Typography: The New High-Impact Image

When fleshing out ideas for your brand, try unique type applications to make things memorable in a good way.

As a designer by trade, one of the most exciting parts of my job is using typography to set the tone for a project I’m working on.  The growing possibilities for type usage these days are very different from the web of yesteryear.  Back then, we were printing out encylopedia topics on our dot-matrix, and nobody questioned whether custom fonts could really be used for much else than an awkward accent piece.

Visual typography matters.

Like all great process evolutions, someone finally did question these things. The idea that we could actually create meaningful AND visually appealing content for the web began to materialize.  We didn’t think of the web as something that could affect how we felt just by looking at it.  But the problem quickly became this: we weren’t just searching for encyclopedia topics to print out anymore; we were searching for interaction, and with that came new responsibilities with design and type.  We began realizing that if we were going to use the internet as a full experience for sales, services, and other interaction, the feeling users get when they visit a website really matters.  It is everything in the way people perceive your brand, the way they interact with your site, and the user experience as a whole.

This can apply both online and off. I have turned my nose up recently to more than one product simply because of their new branding. I may be crazy, but if Sally Hansen wants to sell me beauty tools, it can’t be branded in a Museo font with quirky titles. I want to see the traditional packaging I am used to, a font that I trust. Another great example is the rebranding of GE appliances – they did a total overhaul and are now using a modern, humanist typeface that is easy to read and simple, but I don’t trust the font. It does not convey strength or experience, and frankly when used on the appliances themselves, it looks a bit cheap. These are just a couple. I oftentimes see packaging and wonder what made me buy it or not.  The application of type is one of the most convincing tools in creating this sensory experience for users.  This carries over onto the web and is even more powerful because it can turn you off from an entire company.

The positive power of type branding is sometimes so great that it can make me purchase a snakeskin laptop case or neon shoes. It can invite me in and soothe me to sleep with a story I can easily read on my phone.  And it can certainly show me one big powerful message about a company I know nothing about, and automatically make me feel happy and secure just by glancing at their home page.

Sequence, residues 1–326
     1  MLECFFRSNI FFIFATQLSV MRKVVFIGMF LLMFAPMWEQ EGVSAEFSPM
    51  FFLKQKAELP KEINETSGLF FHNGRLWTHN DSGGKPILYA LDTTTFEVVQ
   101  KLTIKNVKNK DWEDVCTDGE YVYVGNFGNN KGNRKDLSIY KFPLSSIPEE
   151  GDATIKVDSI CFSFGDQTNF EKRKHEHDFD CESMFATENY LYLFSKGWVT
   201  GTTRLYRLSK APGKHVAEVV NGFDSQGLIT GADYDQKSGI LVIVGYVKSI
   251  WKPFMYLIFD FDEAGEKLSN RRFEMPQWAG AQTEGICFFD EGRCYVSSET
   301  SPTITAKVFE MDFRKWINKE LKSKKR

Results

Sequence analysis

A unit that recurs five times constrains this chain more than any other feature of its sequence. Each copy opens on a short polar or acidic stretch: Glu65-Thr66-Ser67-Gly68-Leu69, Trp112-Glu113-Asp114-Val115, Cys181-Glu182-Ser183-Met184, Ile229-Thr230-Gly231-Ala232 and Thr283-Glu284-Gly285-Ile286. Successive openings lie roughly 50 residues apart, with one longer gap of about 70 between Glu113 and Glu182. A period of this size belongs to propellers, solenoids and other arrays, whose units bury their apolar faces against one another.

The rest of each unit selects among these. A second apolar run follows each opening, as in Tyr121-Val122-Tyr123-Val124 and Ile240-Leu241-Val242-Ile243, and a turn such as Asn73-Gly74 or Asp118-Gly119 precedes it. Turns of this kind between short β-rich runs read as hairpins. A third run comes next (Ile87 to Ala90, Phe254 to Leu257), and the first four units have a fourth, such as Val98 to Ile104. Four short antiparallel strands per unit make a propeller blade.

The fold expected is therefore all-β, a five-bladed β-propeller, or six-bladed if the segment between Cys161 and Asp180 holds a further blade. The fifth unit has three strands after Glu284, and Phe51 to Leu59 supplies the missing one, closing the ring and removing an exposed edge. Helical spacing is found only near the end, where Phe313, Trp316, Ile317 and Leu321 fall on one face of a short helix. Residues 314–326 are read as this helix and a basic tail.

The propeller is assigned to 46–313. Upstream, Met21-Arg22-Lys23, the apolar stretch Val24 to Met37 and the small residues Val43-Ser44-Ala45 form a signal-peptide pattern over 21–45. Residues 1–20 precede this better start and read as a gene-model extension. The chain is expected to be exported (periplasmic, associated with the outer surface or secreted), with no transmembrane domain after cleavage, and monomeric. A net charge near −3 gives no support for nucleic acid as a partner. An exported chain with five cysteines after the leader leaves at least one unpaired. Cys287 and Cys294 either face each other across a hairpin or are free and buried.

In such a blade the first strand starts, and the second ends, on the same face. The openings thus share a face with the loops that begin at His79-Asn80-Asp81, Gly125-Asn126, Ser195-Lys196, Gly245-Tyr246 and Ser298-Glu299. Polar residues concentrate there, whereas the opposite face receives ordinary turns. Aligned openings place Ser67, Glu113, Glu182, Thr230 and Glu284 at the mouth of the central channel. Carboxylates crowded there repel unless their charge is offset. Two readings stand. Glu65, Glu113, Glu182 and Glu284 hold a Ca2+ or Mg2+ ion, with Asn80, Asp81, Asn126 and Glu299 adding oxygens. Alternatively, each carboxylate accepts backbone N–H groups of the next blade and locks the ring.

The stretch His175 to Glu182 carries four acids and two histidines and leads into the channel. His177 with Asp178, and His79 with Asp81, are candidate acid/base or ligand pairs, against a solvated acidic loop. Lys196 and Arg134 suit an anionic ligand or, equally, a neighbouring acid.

We now have a mobile and cross-platform information vehicle, capable of delivering millions of types of content over hundreds of devices. With the need for images to be easier to scale down and many times eliminate for mobile, well-purposed type can be just as powerful as imagery.  If font-faces in branding evoke feelings that you don’t trust or can’t relate to, you’ll go somewhere else just to get the visual affirmation you’re looking for.

When fleshing out ideas for your brand, try unique type applications to make things memorable in a good way.  Study fonts.  Consult with an expert on web compatibility.  Check and double check what kind of visual feel that the fonts in your marketing pieces are generating.  Make your visual presence a beautiful and meaningful one.

Recommended:
http://8faces.com/
http://www.smashingmagazine.com/2011/03/24/how-to-choose-a-typeface/
http://vimeo.com/34178417

woman smiles for a portrait photo on the beach for Infomedia

Joy takes a holistic approach to life. She’s most likely to snack on nuts and berries, to spend her weekends hiking and biking, or sneak in a yoga class over lunch. Joy believes that music matters, self-care is important, and a well-rounded approach is usually best — she applies that strategy to website design as well, creating careful, thoughtful designs where user experience is paramount. When she’s not debating over fonts and color selections at her computer, Joy likes hanging out with her kids, baking (we love when she brings her creations to work) and posting Instagram vacation photos that are the envy of the office.


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